C Sharp Tutorial ~ Part 1: The Theoretical Stuff
LiamDonohue (205)

Hello Guys!

It's what I promised!!

Ok, so today I'm going to introduce the theoretical stuff of C# (btw this Will be useful later).


What is a variable anyway?

Well, a variable is a reserved place in your (or in this case, repl's servers) computer's RAM (Ramdom Access Memory), that can be edited.

Types of Variables.

  • bool
    This can only hold 2 values, true or false
  • string
    This can hold multiple alphanumeric and special characters, such as
    "hello world"
  • char
    This can only hold a single alphanumeric character
  • Integer
    This can hold a single numeric value
  • double
    This can hold a single decimal value

    There are TONS more types then this but for the sake of space (and me being lazy lol), I'm not going to list them all.


These are basically just normal variables but they cannot be edited

These are NOT declared normally

const string = "hello";


Ah, everyone just loves these! they are such a pain in the behind


A syntax error is a:

  • spelling error
  • missing character


These are basically mathematical errors or misspelling of variables

You may be wondering: Why? it looks fine

Well, it's not. If you look closer it's simple. You just made a capitalization error


These are nearly undetectable
some signs are:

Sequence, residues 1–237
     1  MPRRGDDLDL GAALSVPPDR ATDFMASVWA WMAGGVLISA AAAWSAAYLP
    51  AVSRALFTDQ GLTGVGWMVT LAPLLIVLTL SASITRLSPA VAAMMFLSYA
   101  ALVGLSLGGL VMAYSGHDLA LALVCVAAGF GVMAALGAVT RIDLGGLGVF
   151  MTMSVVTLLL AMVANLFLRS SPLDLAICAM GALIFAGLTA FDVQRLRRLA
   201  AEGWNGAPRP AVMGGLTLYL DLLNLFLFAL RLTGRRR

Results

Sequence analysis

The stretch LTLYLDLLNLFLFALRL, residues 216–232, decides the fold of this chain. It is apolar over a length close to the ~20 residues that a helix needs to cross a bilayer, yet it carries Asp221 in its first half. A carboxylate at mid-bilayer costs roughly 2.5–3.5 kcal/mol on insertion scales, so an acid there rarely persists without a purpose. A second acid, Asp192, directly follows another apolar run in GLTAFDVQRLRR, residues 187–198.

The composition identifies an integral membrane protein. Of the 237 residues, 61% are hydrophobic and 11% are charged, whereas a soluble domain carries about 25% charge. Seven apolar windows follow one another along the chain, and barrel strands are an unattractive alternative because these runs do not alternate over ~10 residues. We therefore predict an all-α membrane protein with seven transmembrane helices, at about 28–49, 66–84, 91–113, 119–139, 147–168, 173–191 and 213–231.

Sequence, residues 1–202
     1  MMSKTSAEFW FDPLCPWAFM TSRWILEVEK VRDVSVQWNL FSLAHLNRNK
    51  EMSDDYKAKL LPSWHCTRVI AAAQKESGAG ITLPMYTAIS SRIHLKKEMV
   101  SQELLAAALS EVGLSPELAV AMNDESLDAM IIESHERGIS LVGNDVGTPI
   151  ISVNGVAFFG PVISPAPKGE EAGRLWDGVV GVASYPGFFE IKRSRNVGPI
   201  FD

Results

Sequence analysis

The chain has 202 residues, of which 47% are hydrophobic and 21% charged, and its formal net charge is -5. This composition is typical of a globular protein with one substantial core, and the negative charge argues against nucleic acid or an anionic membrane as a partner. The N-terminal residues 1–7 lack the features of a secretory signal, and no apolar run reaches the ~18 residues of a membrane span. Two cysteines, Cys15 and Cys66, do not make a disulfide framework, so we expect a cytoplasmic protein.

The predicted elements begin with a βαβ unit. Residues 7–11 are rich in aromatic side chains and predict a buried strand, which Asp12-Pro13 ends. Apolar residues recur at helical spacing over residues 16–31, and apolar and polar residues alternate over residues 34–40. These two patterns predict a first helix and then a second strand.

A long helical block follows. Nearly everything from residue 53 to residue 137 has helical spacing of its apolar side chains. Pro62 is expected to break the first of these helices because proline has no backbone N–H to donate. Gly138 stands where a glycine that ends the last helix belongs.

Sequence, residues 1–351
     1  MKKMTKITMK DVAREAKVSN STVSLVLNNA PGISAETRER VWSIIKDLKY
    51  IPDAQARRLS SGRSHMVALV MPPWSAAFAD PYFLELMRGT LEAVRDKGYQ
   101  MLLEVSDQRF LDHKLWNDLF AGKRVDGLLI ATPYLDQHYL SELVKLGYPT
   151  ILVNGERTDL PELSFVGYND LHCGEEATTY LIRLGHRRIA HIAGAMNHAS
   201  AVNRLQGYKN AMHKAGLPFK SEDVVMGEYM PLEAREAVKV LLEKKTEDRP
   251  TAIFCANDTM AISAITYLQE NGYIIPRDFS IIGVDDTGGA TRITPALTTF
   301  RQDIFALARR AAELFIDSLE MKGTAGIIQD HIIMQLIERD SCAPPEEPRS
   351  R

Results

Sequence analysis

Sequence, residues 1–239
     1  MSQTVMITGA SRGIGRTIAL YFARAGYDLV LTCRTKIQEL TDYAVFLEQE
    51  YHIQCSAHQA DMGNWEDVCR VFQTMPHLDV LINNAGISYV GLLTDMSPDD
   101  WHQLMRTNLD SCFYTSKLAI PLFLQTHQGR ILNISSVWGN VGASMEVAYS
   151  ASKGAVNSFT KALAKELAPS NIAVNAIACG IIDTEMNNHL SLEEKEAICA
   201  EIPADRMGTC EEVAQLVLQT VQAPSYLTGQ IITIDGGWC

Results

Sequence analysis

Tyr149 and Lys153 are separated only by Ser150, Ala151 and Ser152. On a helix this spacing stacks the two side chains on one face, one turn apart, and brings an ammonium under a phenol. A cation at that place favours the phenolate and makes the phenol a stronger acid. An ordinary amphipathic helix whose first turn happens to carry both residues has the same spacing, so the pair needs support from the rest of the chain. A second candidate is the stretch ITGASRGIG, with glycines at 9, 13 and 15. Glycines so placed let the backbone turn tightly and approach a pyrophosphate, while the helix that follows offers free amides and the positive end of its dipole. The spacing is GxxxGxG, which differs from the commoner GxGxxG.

• low memory
  • division by zero

Good Programming Practices

- Indentation

- Commenting

//this is a comment

well that's all for now





how is this so popular??

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Highwayman (1028)

@Coder100 well, in order for a number to be signed it must sacrifice a bit to represent the current sign(negative or positive), and since it sacrifices that bit, the highest number it can reach is halved, because of the reduced space. For example, if you have an unsigned Integer that is one byte, it can represent values 0 to 255, but a signed integer represents -127 to 127.
Also, when you do a bit shift on a signed integer( >> or << ), the bits in the msb(most significant bit) will be used to fill in the bits that no longer hold data. This is really hard for me to explain, so Imma use pictures.
Say again I have an unsigned integer that is one byte long. Let’s say it holds the value 255.

11111111 // 255

now when I shift this integer’s bits by 3, the top 3 bits will be emptied(zeroed) out.

11111111 >> 3 // shift bits over by 3
00011111 // now it’s this.

But if I used a signed integer, the first 3 bits will remain unchanged, because the msb( the first bit in this case) is a 1! So instead of the emptied out bits getting filled with 0s, they get filled with 1s!

11111111 >> 3 // shift bits by 3
11111111 // top three bits filled with the msb.

But if the top bit is a 0, then it will get filled with 0s.

01111111 >> 3 // shift bits 3 to the left
00001111 // emptied bits instead filled with 0s

If anything is still confusing, tell me. Idk if any of this makes sense.